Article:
I gave him my contact information and told him I’d be happy to talk further with him, but really, this is what it all comes down to.  I can’t answer every possible conjecture or hypothesis or uncertainty about the world or alternate ancient texts.  Hell, I can’t even answer all the questions I’d like to about the Bible!  But the main question centers on the resurrection.  Did it happen or did it not?  If it didn’t, how do you account for a dozen men who committed the rest of their lives to preaching that it was true, even when it got them killed?  How do you account for the fact that their testimony was to people who were alive at the same time, some of whom had also seen and heard Jesus – both before and after his death and resurrection?

If it did happen, if it reads like any other historical account that nobody gives a second thought to, only everybody has to give it a second thought because of the implications it has on our lives today, then what do you do with that?  You quit worrying and begin praying.  You quit being afraid and start giving thanks.  You start living your life as though there is a God who created you and loves you enough to die for you.  It all boils down to that, regardless of what we think of the Book of Enoch or not.

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3 Responses to “Apologetics and the Book of Enoch”

  1. Lois Says:

    Your account is a good reminder to me. I enjoy haring off down blind alleys and speculating about all sorts of things, and can be easily distracted from bringing up the real issue of who is Jesus Christ. My “rabbit-holing” tendencies are definitely detrimental to my witness.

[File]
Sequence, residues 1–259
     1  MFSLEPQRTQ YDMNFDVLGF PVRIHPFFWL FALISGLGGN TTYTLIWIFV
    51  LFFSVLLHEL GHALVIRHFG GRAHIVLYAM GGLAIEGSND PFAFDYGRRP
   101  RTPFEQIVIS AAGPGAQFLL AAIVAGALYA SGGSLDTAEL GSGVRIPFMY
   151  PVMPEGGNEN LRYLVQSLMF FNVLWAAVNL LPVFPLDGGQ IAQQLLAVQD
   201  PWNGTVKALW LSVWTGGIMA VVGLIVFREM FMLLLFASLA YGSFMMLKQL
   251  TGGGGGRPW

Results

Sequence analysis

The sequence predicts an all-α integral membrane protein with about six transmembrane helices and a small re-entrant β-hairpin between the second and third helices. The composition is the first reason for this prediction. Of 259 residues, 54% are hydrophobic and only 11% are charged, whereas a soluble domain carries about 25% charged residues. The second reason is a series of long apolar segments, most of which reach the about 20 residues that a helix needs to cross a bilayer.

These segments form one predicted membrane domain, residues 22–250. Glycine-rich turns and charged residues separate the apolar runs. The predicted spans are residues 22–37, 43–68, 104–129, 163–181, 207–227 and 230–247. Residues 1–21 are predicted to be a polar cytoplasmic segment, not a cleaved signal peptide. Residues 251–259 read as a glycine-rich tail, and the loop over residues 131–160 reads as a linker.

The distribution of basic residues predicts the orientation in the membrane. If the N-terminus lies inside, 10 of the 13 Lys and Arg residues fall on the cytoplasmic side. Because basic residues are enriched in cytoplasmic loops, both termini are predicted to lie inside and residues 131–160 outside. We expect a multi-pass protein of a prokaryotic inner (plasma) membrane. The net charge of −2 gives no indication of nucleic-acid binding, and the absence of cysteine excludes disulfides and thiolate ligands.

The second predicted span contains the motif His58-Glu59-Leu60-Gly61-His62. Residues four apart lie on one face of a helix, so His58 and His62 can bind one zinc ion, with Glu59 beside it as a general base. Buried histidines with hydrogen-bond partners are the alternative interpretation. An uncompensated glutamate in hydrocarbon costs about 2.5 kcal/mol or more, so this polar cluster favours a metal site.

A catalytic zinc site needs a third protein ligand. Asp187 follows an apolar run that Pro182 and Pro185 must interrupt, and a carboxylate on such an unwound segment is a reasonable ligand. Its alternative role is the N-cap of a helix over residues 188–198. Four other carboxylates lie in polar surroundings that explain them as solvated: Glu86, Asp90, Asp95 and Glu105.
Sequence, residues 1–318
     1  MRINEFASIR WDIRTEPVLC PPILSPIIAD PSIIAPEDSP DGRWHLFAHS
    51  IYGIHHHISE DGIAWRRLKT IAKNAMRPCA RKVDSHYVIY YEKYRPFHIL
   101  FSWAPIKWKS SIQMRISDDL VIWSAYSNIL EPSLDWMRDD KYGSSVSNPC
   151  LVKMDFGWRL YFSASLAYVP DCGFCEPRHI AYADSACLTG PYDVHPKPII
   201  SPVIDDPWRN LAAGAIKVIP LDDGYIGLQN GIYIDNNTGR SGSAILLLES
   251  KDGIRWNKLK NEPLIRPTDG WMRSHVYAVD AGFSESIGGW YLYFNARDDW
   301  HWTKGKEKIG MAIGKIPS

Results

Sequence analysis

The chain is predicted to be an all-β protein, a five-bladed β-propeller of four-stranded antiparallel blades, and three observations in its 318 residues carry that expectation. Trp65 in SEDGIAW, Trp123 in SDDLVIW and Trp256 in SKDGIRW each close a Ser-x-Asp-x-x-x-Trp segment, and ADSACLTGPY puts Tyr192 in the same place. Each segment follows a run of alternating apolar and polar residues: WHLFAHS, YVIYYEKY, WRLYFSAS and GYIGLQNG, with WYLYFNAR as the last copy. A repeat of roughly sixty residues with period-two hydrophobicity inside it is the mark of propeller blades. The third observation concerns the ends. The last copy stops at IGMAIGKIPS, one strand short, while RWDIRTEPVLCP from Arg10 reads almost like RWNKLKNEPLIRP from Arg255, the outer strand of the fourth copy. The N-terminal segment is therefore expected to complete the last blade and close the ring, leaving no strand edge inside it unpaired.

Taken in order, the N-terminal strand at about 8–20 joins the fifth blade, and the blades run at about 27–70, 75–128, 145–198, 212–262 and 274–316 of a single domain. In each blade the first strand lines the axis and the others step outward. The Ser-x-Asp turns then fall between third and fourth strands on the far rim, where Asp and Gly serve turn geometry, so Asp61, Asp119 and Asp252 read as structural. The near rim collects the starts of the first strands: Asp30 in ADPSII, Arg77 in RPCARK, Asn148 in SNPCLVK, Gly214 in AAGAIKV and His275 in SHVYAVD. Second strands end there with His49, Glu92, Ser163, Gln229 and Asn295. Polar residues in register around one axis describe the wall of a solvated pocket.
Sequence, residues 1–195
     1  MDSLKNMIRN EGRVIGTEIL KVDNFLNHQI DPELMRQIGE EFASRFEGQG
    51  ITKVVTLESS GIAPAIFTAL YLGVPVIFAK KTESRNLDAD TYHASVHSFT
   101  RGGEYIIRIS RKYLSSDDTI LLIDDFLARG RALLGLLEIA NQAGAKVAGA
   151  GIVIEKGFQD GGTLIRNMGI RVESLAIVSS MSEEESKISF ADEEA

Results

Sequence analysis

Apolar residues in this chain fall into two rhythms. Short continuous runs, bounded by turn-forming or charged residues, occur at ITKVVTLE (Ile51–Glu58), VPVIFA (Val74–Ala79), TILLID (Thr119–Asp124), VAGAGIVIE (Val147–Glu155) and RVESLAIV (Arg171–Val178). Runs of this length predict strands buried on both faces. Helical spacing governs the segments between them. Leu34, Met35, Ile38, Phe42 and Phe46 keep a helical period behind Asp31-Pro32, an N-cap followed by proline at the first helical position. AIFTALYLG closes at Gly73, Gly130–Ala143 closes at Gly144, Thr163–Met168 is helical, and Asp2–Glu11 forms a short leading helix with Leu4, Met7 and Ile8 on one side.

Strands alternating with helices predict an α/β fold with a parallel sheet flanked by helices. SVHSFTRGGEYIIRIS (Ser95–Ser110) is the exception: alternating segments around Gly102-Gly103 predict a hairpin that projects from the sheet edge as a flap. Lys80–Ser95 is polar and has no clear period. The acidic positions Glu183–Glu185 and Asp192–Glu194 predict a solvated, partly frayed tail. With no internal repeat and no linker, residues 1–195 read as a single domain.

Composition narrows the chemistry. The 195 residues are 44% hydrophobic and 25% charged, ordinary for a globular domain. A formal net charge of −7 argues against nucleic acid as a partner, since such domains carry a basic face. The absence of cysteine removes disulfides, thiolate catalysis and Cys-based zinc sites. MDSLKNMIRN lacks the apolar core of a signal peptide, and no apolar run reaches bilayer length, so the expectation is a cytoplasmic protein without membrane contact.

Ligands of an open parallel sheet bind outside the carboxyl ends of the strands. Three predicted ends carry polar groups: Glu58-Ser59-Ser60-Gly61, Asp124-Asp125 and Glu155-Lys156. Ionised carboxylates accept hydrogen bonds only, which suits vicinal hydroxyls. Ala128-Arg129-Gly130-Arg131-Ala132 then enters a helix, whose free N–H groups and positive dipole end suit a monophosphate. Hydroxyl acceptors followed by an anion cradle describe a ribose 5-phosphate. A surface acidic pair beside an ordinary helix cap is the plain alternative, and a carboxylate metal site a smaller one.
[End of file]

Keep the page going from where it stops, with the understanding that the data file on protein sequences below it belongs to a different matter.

I haven’t read Enoch either. Think I should?

    • mrpaulnelson Says:

      From my basic skimming & preliminary research, I’d say that if ancient visionary literature is your indulgence, go for it. If you’re doing it to be prepared for a potential apologetics encounter, then I’d suggest not. It was pretty clear from a couple of questions I asked that this gentleman had not actually read the Book of Enoch – certainly not all of it. Most likely he had heard about it from some web site purporting to provide evidence of how Christianity is a sham. At the end of the day, hundreds and hundreds of years of Hebrew people didn’t feel it belonged in their canon, and two thousand years of Christians respected that and maintained that distinction. I hope to read it at some point, but it’s not high on my own reading list at the moment. Let me know what you think of you do wade into it!

  2. Revisiting | Living Apologetics Says:

    […]  We had a somewhat extended discussion on campus a couple of months ago.  I knew immediately who it was.  This is just one of several different things I do when I’m not on campus, I responded. […]